The mass resignations of business leaders from the President’s Commission on Business confirm this and would have continued had the President not stemmed the bleeding by eliminating two different business commissions entirely to avoid mass action being planned by other members. Business rarely takes such dramatic action without first holding a finger to the winds of public opinion. The President had unintentionally created a moment of national unity and reminded us – just for a moment at least – of who we are and who we aspire to be as a nation.

Just as Americans are united in their loyalty to the American idea so too are they united in their fascination with and aspirations for the future.

These two bookends provide the framework for creating a unifying American Journey; a challenge that will cajole Americans into searching their national conscience and expanding their horizons to re-imagining and re-invigorating those ideas in an era of dramatic change and equally dramatic challenges.

In his last major interview before his death in 2007, the author and social critic Kurt Vonnegut suggested that there should be a cabinet level Secretary of the Future. His suggestion was treated by most as a quaint idea by a much beloved cultural icon. But Kurt Vonnegut had not intended to be quaint. He was deeply worried about the fate of the country and the planet.

He was angered by the short-sighted politics of both political parties and he was concerned that we had lost sight of the connections that tied us together with all of the major issues in our lives and the fact that no one was helping to make those connections and helping us to re-imagine a future consistent with our values.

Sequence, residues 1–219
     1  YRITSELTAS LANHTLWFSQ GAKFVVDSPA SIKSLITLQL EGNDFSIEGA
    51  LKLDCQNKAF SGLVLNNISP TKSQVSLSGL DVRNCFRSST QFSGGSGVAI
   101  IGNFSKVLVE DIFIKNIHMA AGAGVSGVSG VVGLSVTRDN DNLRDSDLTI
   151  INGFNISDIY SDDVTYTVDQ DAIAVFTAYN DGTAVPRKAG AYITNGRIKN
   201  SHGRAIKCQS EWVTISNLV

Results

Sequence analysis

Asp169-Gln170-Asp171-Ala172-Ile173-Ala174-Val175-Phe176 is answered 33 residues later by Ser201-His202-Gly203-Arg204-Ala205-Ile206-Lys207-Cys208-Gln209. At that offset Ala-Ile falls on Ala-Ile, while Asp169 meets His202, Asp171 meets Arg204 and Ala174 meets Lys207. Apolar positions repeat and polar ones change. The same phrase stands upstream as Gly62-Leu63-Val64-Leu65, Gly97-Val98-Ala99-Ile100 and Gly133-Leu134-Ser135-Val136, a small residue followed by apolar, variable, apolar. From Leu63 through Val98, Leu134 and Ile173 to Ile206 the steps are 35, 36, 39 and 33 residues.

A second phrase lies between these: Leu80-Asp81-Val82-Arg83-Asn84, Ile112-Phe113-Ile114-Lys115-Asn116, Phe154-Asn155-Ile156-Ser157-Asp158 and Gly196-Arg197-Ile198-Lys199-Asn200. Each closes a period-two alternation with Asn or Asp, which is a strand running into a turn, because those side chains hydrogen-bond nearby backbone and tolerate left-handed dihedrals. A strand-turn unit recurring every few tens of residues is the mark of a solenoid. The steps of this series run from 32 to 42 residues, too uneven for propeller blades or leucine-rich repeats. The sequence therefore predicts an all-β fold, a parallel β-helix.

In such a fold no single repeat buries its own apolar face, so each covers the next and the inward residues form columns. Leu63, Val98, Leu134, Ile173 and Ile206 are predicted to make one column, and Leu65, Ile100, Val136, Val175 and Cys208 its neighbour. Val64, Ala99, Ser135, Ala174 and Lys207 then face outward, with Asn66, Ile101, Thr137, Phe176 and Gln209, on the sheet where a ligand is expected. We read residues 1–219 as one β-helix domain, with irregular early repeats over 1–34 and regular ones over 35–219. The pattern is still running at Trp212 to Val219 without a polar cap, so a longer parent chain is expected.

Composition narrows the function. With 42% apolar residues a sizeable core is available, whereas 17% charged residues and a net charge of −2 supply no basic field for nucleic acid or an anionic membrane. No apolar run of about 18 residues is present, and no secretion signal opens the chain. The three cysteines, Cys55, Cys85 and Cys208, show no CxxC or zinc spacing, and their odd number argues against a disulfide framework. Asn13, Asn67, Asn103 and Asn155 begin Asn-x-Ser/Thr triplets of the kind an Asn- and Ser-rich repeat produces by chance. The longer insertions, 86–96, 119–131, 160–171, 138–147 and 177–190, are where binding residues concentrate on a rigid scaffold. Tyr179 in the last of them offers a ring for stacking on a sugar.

Vonnegut seemed to sense that our politics had been far outstripped by the pace of change and positing a cabinet level Secretary of the Future was intended to provide one way to create a formal means for looking at issues in a more holistic manner. Someone who could point out, as General Mattis did recently, that deep cuts to the Department of State would require more defense spending because less diplomacy would lead to greater conflict.

Wayne D. King photo

Gathering Courage for the Jump at Second Iron The Second iron bridge along the Saco River in Bartlett, NH is one of the areas most popular swimming places. Everyone loves to jump from the bridge into the rushing waters below, but for some, contemplation and a gathering of courage is necessary. Limited edition of 25 signed originals. Go here for more info: http://bit.ly/SecondIron

Even if our political system were not so badly broken we would still benefit from a Secretary of the Future who would be able to tackle the more thorny issues and provide some level of cover for those political leaders who have the courage to step into those waters.